As with conventional igniter plugs, the low tension igniter plug 30 of the present invention includes a tubular outer metal shell 34 having a discharge end 36 providing a spark discharge, and a connector portion 38 including a mounting flange 39 for mounting the igniter plug 30 in an engine. A central conductor 40 extends axially through the outer shell 34, and includes a discharge end 42 serving as a central electrode for inducing an arc discharge with the outer shell 34. As shown in FIG. 2, the central conductor 40 is composed of two portions including the electrode portion 42 and a cylindrical pin 44. In the preferred embodiment, the electrode 42 is made of pridium while the pin 44 is composed of a less expensive material such as KOVAR, an iron-nickel-cobalt alloy commonly described by standards AMS 7727 and ASTM F15. However, it should be understood that the entire central conductor 40 could be a single rod composed of the same material as the central electrode 42. Igniter plug 30 also includes an insulator formed in two sections including a sliding forward insulator 46 and a rear insulator 48. As shown, the rear insulator portion 48 originates at the connector end 38 of igniter plug 30 and extends axially through the outer shell 34 until it telescopically engages the forward insulator 46. Semiconductor element 32 is positioned between the forward insulator 46 and the discharge end 36 of outer shell 34 so that it is near the spark gap 33 lying between a tip 52 of central electrode 42 and spark discharge portion 54 of outer shell 34.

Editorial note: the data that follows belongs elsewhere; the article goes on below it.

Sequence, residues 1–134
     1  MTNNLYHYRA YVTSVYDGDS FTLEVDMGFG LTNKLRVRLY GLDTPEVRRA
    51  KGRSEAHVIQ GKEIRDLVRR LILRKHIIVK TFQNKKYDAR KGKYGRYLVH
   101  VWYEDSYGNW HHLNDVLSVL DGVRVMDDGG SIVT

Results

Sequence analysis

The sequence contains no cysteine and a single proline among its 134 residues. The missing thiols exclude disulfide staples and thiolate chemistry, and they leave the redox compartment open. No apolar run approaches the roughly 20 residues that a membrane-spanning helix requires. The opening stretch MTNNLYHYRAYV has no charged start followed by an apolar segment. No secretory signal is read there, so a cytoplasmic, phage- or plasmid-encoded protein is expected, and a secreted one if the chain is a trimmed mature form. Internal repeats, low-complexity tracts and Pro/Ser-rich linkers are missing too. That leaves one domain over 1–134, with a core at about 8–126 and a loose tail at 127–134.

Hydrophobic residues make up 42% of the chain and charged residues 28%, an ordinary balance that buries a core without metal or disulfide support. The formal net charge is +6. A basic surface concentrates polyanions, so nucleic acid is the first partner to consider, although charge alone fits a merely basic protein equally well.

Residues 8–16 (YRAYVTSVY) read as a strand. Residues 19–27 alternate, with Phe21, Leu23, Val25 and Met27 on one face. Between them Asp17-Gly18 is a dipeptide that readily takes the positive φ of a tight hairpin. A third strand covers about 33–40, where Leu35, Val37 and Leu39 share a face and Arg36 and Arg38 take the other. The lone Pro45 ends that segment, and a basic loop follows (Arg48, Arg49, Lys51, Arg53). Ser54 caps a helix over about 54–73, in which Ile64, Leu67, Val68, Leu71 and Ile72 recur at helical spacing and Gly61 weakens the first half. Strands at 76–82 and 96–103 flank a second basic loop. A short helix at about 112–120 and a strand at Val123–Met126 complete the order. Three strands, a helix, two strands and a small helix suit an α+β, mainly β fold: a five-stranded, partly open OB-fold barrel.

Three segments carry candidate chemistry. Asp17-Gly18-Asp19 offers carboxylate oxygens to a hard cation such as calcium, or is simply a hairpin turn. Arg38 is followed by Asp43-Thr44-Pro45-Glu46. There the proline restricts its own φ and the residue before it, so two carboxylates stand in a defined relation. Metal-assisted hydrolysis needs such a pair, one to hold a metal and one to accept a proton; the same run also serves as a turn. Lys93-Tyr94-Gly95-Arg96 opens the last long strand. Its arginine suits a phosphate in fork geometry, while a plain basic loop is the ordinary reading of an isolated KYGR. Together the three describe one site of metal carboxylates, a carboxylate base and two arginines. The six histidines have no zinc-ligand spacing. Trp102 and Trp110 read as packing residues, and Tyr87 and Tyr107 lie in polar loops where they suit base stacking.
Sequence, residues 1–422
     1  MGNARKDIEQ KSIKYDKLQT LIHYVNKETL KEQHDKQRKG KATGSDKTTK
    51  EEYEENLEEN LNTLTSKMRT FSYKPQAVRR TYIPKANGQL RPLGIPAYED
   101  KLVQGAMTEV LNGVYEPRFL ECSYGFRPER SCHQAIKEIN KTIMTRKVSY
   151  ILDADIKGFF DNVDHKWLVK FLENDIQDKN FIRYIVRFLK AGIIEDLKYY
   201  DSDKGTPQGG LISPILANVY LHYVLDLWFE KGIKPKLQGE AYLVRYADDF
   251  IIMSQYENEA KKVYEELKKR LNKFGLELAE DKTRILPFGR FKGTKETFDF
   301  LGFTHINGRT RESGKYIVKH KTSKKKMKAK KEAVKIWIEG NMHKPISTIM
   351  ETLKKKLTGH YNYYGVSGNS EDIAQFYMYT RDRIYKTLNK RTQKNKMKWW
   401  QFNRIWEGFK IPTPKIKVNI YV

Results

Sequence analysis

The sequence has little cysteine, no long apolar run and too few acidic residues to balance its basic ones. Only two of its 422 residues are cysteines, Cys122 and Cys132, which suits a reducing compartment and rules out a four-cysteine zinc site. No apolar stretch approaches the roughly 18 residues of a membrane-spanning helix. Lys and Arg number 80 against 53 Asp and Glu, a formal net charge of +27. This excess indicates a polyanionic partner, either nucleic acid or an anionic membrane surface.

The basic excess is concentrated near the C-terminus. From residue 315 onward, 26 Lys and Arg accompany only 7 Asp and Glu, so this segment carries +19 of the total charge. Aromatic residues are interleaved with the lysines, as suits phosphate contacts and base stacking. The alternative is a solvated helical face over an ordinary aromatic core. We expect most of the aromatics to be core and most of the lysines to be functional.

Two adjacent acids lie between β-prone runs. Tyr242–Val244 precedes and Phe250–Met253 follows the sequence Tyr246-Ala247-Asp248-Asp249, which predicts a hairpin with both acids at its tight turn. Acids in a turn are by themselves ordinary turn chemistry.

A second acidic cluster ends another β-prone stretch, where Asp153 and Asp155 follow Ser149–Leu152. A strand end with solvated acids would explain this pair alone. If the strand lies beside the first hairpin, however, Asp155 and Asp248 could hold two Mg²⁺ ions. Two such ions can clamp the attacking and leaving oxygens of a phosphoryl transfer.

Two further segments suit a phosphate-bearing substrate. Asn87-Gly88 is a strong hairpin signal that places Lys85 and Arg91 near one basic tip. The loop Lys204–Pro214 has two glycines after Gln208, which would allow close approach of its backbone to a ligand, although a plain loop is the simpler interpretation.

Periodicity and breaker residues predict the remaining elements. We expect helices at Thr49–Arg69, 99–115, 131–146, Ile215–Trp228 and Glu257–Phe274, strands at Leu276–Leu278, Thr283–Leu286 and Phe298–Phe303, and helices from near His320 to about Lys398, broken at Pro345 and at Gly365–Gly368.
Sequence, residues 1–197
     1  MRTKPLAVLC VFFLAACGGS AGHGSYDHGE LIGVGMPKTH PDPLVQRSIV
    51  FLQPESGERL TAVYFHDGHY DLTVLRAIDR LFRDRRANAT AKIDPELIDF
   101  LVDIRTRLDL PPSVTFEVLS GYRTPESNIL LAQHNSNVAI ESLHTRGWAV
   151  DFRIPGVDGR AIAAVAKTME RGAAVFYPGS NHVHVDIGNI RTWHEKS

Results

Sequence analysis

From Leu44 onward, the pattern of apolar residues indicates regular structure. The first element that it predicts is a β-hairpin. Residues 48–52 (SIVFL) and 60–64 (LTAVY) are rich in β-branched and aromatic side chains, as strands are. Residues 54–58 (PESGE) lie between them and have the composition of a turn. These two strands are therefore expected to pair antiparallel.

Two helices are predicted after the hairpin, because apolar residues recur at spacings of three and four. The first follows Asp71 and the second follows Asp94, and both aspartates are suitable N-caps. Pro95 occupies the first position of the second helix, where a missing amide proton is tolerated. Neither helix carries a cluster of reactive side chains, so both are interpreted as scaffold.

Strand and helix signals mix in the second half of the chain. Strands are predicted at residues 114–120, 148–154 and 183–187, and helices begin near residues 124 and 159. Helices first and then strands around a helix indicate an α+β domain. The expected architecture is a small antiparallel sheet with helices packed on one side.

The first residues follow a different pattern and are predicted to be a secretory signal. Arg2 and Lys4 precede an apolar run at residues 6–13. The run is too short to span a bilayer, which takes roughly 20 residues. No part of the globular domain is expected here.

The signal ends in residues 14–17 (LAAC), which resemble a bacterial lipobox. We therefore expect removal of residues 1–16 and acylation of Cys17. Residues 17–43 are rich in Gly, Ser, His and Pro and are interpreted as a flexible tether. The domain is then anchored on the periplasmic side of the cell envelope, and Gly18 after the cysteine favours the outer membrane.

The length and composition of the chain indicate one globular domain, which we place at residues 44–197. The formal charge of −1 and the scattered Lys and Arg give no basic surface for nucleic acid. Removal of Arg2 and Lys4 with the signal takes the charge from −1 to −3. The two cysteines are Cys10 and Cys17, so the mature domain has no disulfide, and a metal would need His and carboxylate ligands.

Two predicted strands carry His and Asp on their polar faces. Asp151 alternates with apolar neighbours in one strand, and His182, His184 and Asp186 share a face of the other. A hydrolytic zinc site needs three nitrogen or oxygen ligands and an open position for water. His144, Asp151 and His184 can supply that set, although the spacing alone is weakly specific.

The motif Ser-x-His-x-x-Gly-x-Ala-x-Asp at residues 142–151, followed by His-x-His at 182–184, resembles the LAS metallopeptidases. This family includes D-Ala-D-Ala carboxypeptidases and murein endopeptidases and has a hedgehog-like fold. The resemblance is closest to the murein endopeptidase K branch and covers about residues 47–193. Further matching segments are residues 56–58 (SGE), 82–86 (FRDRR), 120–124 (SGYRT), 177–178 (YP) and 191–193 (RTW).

In accordance with the preferred embodiment of the present invention, the arrangement for advancing the semiconductor element 32 includes a spring 56 for feeding the semiconductor element 32 as it is consumed over time by recurring electrical sparks at the spark gap 33. The spring 56 is positioned between the sliding forward insulator 46 and a shoulder 58 of the outer shell 34. In keeping with the invention, as the semiconductor material is consumed by the recurring electrical sparks, the spring 56 continually feeds the semiconductor element 32 toward the spark gap 33 so that the material near the spark gap 33 is replenished with fresh material until substantially all of the semiconductor material is consumed. Thus, in a new igniter as shown in FIG. 2, the spring 56 is in its most compressed position which forces the insulator 46 and the semiconductor element 32 forward as the semiconductor material is consumed. This arrangement ensures that the semiconductor element 32 maintains an area of contact 60 with outer shell 34.